A Black Hole Burps... Twice!

Jan 21, 2018 By James H, Writer Intern
jh_youngzine's picture

Our universe is fascinating, with a gazillion stars, planets, and other debris floating around in space. In fact, quite a few discoveries have been made about these space matter.

But recently, astronomers have found something amazing -- a black hole, notorious for its ability to “suck” in stars and gases, was caught burping twice!

Scientists have already known that black holes burp out clouds of hydrogen gas, but usually only once in a long while. Now, they have found a distant black hole that burped twice in a row in a relatively short period of time. While that period of time is still quite a few hundred light-years, it is the first "double burp" to be captured. 

What Are Black Holes?

First discovered in 1971, the term “black hole” was coined by American astronomer John Wheeler. But the theory of the black hole traces back to Albert Einstein’s theory of relativity.

Black holes are objects of very high density with a gravitational pull so strong that even light cannot escape them. The density of a black hole comes from the fact that there is a lot of mass squeezed into a very small space. Contrary to popular belief, black holes do not suck stuff up like a vacuum, but rather, objects fall into them due to gravity.

If you fall into a black hole, time will freeze, and the black hole’s gravity will pull you apart like spaghetti. If a star falls into a black hole, it will be torn apart immediately. However, on the bright side, black holes burp out clouds of gas, which can lead to the formation of new stars.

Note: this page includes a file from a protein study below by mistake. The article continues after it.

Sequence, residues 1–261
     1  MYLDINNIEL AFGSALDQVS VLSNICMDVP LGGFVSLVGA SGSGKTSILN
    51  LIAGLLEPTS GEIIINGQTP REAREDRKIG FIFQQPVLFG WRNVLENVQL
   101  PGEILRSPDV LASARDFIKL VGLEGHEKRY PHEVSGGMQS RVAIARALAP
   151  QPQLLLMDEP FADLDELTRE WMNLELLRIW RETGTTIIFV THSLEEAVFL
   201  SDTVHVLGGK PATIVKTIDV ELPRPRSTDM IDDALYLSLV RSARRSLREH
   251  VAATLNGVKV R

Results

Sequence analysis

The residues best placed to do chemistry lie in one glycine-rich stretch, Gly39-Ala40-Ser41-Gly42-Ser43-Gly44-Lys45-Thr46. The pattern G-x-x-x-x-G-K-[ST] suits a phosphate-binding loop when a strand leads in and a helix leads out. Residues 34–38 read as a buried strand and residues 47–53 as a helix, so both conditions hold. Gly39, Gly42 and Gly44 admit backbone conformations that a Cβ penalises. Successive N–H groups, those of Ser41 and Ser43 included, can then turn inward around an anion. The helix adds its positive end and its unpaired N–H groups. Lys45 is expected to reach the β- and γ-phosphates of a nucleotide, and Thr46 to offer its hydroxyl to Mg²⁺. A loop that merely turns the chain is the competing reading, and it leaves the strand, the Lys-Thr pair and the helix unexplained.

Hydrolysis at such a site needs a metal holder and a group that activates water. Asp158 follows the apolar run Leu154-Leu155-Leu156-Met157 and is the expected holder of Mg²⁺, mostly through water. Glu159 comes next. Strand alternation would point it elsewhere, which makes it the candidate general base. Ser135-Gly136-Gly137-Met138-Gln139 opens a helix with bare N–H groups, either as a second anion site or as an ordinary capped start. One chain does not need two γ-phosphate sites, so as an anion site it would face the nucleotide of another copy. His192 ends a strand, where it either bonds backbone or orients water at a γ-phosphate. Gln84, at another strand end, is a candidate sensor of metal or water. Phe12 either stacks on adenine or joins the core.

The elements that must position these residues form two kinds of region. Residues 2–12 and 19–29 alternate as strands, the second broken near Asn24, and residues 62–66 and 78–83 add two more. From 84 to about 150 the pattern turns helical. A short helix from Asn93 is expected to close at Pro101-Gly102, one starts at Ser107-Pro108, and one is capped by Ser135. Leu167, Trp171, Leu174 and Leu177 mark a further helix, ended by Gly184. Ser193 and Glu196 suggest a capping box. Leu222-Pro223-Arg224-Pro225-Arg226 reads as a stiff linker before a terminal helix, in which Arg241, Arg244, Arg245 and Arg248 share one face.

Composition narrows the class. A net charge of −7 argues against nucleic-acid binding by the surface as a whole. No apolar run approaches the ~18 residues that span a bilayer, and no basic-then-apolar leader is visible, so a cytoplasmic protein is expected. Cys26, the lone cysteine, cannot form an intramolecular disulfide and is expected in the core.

Types of Black Holes

All black holes form from collapsing stars that have run out of fuel and can no longer give off light. There are three main kinds of black holes.

  • Stellar black holes are relatively small and form from collapsing stars.
  • Supermassive black holes are much bigger, and they are usually found in the center of galaxies. These black holes are formed from several black holes combining into a larger one.
  • Intermediate black holes are the ones in between, neither big nor small, but unfortunately, not much is known about them.
  • There is predicted to be a fourth type of black hole -- a miniature one, when stars smaller than our Sun collapse. But they are said to have formed during the Big Bang.

How Are Black Holes Detected?

Since black holes are truly black and do not give off any light, you cannot really see a black hole with the naked eye, even with a telescope. In fact, all pictures of black holes are just illustrations - the black sphere drawn in the middle is the “event horizon”, the border beyond which nothing can escape.

Astronomers spot black holes by observing the patterns of objects that encircle the black hole or watch the demise of a star as it releases energy. As objects circle the black hole, friction is created in the black hole’s immediate surroundings and this friction releases waves of energy. Telescopes out in space detect the visible, x-ray, and radio waves released from the immediate surroundings of the black hole, but nothing will be detected from the black hole itself.

However, in 2018, scientists plan to take a picture of a black hole, specifically the one in the middle of the Milky Way Galaxy. The Event Horizon Telescope will soon be launched to take a direct image of the black sphere in the center of the black hole. As this will be the first real image ever of a black hole, stay tuned!

Just in case you are wondering, our Sun will never become a black hole - it is too small of a star. And Earth is too far away from any other black hole to fall into. So no worries, you are safe from a black hole incident!

Sources: NASA, Space.com


godtfredf784@edu.sd45.bc.ca's picture
godtfredf784@ed... April 3, 2019 - 11:47am


Samanvitha's picture
Samanvitha January 24, 2018 - 6:09pm

Im writing this comment before reading because, I LOVE SPACE so, i already know this is going to be AWESOME!

Lsmith7384@hwdsb.on.ca's picture
Lsmith7384@hwds... January 24, 2018 - 11:07am

Really interesting